By TOM LAURICELLA And JEANNETTE NEUMANN
Amid the recent selloff in the municipal-bond market, investors are increasingly differentiating between state and local governments with strong finances and those facing big fiscal woes.
That trend could have significant implications for holders of bonds issued by weaker state and local governments, some of which are already paying higher interest rates and have seen the prices of their bonds decline in value.
The growing gap between what the strongest and weakest government issuers pay to borrow brings unpleasant echoes of the European debt crisis, where escalating yields paid by countries such as Greece and Ireland made their fiscal situations untenable.
For muni investors, the scenario could prove similar—a series of rolling crises as the spotlight goes from one troubled issuer to the next.
Underlying this dynamic are issuers struggling not just with budget woes but with higher borrowing costs that end up inflating budget deficits. That prompts still more borrowing and also can result in ratings downgrades that can further raise borrowing costs.
“It’s a downward spiral,” said George Rusnak, national director of fixed income for Wells Fargo Private Bank.
The news isn’t great for investors in the $2.8 trillion municipal market, who include individual investors and property- and casualty-insurance companies, as well as more-recent investors, such as pension funds and foreign investors, attracted by a relatively new type of taxable muni bond.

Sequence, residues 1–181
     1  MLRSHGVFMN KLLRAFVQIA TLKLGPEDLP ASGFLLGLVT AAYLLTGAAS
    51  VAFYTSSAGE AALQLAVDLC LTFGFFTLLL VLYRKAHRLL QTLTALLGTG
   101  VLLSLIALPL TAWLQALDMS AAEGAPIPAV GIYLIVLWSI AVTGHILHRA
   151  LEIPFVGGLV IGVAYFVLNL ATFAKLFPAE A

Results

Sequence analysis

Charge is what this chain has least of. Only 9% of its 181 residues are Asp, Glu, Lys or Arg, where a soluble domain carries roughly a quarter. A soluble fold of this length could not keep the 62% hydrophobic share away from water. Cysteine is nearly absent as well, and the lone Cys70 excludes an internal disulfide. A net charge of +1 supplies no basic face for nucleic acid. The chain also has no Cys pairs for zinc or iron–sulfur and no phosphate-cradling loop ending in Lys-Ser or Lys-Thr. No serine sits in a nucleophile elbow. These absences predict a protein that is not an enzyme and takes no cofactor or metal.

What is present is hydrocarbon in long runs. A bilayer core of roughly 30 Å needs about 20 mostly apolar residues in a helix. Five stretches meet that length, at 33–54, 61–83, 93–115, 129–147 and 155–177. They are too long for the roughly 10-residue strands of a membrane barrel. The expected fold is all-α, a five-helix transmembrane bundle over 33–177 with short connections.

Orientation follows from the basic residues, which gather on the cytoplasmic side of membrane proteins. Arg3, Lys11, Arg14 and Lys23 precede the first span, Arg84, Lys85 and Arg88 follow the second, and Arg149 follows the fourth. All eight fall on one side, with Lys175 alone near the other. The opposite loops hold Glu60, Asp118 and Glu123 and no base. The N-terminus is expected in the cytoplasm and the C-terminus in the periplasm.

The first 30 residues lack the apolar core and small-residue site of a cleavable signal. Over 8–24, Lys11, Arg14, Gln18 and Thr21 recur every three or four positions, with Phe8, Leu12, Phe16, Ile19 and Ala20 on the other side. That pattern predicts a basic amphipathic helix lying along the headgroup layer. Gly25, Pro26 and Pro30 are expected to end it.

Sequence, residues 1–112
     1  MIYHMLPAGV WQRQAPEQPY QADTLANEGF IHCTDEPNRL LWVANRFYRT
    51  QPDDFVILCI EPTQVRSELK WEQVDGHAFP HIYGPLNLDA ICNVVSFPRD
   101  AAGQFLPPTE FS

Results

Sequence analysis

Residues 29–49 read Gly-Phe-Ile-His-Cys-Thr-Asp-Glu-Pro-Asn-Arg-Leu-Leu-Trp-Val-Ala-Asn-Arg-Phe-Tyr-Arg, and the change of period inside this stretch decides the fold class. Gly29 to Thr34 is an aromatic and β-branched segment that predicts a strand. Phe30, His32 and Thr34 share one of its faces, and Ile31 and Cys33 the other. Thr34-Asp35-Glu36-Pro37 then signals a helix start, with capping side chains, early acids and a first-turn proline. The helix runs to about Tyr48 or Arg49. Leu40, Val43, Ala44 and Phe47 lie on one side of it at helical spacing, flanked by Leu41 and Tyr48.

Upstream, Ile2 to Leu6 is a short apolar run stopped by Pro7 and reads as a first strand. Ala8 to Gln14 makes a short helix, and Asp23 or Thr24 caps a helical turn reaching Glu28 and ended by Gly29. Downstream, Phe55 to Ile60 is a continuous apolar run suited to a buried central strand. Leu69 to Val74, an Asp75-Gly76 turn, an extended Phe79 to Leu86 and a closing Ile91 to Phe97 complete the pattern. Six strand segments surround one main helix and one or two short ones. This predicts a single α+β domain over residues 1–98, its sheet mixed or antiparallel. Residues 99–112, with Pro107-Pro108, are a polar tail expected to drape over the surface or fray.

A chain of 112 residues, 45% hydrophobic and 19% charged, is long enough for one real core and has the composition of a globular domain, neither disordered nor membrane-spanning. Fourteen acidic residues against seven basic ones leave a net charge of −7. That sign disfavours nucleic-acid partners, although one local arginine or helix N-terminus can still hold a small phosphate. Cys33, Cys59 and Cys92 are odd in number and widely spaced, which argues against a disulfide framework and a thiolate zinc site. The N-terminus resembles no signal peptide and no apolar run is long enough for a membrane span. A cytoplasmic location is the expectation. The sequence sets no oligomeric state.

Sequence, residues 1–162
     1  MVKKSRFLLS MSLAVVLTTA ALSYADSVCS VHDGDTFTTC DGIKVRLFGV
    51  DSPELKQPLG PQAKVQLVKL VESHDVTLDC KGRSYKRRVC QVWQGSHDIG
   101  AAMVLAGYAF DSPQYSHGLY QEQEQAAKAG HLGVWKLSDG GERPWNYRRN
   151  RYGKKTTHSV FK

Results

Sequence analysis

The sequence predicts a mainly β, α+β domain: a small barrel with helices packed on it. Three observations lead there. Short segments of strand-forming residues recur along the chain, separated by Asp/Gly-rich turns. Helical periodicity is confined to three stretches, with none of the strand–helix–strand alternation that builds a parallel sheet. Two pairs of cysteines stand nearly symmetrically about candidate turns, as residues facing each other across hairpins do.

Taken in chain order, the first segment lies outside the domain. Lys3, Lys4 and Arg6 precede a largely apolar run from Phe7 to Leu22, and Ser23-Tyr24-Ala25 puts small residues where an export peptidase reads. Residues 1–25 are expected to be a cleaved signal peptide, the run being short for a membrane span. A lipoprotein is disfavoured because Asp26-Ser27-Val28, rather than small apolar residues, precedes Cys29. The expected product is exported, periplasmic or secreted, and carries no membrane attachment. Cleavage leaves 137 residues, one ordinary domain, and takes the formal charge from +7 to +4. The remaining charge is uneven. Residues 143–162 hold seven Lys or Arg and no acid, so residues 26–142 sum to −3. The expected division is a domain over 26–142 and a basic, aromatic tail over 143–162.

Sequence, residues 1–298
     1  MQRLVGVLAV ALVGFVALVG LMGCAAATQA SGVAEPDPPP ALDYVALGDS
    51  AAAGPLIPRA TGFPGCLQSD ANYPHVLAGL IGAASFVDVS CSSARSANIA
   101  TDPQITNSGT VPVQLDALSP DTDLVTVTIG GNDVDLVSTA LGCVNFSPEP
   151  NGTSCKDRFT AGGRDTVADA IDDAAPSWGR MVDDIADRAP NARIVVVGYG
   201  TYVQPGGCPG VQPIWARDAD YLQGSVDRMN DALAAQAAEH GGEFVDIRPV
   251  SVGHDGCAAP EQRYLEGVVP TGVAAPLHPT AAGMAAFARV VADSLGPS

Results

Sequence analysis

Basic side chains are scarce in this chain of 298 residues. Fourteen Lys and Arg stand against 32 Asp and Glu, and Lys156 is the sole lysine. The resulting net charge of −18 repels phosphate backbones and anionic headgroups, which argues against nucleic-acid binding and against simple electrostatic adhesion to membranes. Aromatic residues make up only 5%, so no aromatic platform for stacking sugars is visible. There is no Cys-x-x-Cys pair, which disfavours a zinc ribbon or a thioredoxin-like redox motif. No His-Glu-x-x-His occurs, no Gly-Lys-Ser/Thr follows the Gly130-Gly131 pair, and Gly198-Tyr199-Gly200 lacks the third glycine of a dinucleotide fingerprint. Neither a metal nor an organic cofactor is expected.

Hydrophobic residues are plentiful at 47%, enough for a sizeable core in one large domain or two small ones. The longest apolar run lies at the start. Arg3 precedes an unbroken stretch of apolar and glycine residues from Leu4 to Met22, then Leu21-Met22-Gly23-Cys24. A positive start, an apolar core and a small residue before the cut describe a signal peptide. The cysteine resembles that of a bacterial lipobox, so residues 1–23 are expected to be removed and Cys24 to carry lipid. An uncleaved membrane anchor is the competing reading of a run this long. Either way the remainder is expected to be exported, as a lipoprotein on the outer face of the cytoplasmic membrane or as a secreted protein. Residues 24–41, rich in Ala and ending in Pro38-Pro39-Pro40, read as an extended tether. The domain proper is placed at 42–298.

Over the past month and a half, the municipal-bond market has taken it on the chin. The yield on 30-year, triple-A-rated municipal bonds closed at 4.66% on Friday, according to a widely watched index published by Thomson Reuters Municipal Market Data. That is up from 3.86% on Nov. 1.
The hardest-hit borrowers generally have been those seen as in the most dire fiscal shape. The market typically punishes creditors perceived as riskier by demanding higher yields. Some analysts anticipate yields paid by the most troubled municipal borrowers will only continue to widen next year in comparison with the broader market.
For Illinois, rated the worst in the country by Moody’s Investors Service at A1-negative, the gap between what the fiscally strapped state pays on its 10-year-maturity bonds is now 1.9 percentage points above that for the broader muni market. Just a month ago, the spread for Illinois stood at 1.6 percentage points, according to data from Municipal Market Data. A year ago, that gap was less than one percentage point. Spreads on Illinois bonds could reach as high as two percentage points next year, says Wells Fargo’s Mr. Rusnak.